3. Using the federal government to enrich certain favored industries: In addition to the corporate giveaways on tax policy noted above, Bush has used the federal government to enrich certain, favored, industries, and allowed them to, literally, get away with murder. This includes not only the obvious suspects like Halliburton, the oil & gas companies, Wall Street and the major commercial banks, but it seems to include just about any business owned by someone happens to know someone involved in contracting with the federal gov't. And when things start to go bad, in comes the federal reserve to bail them out. This also includes having political appointees intervene in the regulatory process to protect these industries.

4. Executive power: The view that the American President holds the same powers that King George III claimed and caused the founding fathers to revolt is perhaps driven by Dick Cheney and his merry mob of monarchists more than anyone else, but once revealed the right has signed up for the program whole-heartedly.

5. The Projection and use of American military might: Finally, and perhaps most importantly, Bush has continued and amplified the general view, which is not necessarily unique to the right, that America has the right to intervene militarily wherever and whenever it wishes, with or without international cooperation, if it feels its national interests are threatened (and even if it doesn't).

I guess 1-3 are can be grouped together. So, in sum, the delivery of America's riches to the wealthy, a king, and an empire.

I'm voting for McCain in 2008 because I want to see how this ends.

"I'm voting for McCain in 2008 because I want to see how this ends."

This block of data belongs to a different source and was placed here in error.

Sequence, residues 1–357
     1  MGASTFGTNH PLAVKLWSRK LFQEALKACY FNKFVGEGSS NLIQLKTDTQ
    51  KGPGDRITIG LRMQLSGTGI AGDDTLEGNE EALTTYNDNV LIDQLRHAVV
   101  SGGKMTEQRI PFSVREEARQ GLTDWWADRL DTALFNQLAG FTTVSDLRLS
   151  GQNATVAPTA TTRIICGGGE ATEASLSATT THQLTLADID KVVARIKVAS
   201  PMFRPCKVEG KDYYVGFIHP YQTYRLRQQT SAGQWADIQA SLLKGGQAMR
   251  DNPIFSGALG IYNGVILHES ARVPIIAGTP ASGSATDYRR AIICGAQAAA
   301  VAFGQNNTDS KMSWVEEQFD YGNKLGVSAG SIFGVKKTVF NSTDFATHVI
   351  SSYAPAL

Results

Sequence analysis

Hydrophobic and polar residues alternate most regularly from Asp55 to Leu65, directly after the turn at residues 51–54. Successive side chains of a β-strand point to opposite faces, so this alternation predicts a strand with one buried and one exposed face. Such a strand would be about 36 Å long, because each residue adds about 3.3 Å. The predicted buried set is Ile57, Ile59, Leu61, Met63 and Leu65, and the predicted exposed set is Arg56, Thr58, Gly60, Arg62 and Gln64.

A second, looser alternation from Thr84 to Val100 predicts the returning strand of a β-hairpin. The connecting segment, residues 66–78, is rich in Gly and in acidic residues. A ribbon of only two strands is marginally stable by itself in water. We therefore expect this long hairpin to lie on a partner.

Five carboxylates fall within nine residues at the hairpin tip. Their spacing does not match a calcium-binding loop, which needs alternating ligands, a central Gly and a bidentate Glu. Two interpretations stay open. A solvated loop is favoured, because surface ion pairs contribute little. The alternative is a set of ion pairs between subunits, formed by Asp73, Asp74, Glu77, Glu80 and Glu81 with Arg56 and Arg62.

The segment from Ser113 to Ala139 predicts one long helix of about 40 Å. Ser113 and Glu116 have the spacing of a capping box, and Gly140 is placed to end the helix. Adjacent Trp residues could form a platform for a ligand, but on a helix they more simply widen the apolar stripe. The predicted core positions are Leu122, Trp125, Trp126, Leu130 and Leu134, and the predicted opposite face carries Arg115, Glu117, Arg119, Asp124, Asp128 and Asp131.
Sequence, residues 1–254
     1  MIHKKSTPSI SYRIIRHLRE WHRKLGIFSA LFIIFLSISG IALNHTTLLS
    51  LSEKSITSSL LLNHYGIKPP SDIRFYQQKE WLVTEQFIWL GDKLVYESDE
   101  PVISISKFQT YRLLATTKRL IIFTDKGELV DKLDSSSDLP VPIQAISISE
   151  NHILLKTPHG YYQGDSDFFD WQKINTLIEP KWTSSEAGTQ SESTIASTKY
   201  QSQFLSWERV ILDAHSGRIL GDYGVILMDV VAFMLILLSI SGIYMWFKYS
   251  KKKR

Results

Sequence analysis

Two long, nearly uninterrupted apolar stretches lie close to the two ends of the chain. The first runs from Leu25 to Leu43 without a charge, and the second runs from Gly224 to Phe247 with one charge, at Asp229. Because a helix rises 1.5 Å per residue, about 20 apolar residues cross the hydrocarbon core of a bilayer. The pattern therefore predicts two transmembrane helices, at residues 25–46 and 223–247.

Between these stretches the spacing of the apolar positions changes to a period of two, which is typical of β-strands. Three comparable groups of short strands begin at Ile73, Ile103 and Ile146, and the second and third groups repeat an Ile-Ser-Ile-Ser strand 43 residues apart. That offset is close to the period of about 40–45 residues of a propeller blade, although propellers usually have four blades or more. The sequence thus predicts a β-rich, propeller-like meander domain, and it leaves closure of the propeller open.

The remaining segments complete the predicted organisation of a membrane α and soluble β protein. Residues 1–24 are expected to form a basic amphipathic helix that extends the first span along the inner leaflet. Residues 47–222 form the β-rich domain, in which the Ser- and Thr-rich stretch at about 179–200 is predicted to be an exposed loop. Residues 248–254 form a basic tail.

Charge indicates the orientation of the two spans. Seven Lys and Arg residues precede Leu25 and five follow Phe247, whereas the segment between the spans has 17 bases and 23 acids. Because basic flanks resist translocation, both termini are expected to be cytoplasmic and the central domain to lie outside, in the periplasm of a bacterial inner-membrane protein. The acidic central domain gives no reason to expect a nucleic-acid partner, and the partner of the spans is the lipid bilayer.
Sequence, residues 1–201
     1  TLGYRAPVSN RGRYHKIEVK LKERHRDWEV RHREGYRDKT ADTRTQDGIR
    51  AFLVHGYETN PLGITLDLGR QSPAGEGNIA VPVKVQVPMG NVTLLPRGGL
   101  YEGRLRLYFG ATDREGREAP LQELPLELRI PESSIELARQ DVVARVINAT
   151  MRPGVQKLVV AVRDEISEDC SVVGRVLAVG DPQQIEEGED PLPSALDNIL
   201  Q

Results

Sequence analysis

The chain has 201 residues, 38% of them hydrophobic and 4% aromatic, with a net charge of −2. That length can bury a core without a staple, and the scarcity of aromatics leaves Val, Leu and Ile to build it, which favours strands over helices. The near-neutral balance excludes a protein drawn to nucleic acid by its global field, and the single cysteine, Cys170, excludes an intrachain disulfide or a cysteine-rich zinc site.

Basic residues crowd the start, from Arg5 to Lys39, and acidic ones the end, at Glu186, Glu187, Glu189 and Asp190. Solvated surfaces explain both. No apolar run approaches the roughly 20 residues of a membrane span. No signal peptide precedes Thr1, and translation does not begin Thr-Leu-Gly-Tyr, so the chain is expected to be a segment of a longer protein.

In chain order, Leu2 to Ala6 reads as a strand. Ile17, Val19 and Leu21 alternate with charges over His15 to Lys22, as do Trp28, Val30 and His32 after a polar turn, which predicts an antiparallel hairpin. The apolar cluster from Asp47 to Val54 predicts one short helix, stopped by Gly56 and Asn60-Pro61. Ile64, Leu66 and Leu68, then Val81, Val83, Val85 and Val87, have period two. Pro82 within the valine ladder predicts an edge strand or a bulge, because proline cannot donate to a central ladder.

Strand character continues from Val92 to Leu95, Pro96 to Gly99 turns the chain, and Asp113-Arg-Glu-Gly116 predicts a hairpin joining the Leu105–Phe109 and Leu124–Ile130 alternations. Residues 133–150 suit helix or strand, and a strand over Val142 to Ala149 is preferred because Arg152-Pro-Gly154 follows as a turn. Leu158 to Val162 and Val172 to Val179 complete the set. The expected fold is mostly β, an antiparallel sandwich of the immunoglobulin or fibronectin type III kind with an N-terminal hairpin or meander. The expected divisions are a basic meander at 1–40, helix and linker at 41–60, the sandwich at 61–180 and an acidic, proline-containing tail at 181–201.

Not with a bang but a whimper.

Many popular U.S. presidents were truly hated by a minority of the American public (FDR and Ronald Reagan are good examples). But am I right in thinking that George W. Bush is unique among widely reviled presidents in the enthusiasm of the minority that continues to support him? Did anyone in early 1861 think that James Buchanan was the second coming of George Washington?

Not with a bang but a whimper.

Dang, I was hoping for at least a cocktail party with free drinks.

Ben Alpers: As nearly as I can tell, Bush isn't unprecedented in the intensity of the support his remaining loyalists give them. The new things in the mix are #1, the extent to which his remaining base still holds great political, economic, and social power, stemming largely from #2, the increasing cowardice and self-doubt on the part of the nominal victors. Usually when a president is this loathed, housecleaning as followed, but the Founding Fathers just didn't expect so many people in a working majority faction to lose their nerve so much.

Bruce Baugh:

Now that I think of it, maybe Woodrow Wilson (otherwise a quite different president from Bush) is the best previous example of a widely disliked president with intense supporters to the bitter end.

I do disagree on the cowardice-of-the-victors point. I think the failure to clean house on the part of the victors (at this point most notably the Democratic Congress) is less a result of "caving" out of political fear and more a consequence of the Democrats' sharing with the Bush administration (and our bipartisan foreign policy elite) many beliefs about the national security state and the military-industrial-surveillance complex. Large number of Democrats supported, e.g., the war on Iraq, FISA "reform" and the Military Commissions Act because they actually believe in waging wars of choice, expanding corporate and executive branch authority over the lives of Americans, and allowing representatives of our government to torture with impunity.

Glib comparisons like what Klavan is doing gloss over the core message embodied in the Batman story. Batman's story is a constant battle on the edge of Nietzsche - "He who fights with monsters might take care lest he thereby become a monster." At times (I don't know about the current movie, as I haven't seen it yet) Wayne and his associates have realized that he has gone too far and he has to go through some soul searching to find his way out of that abyss.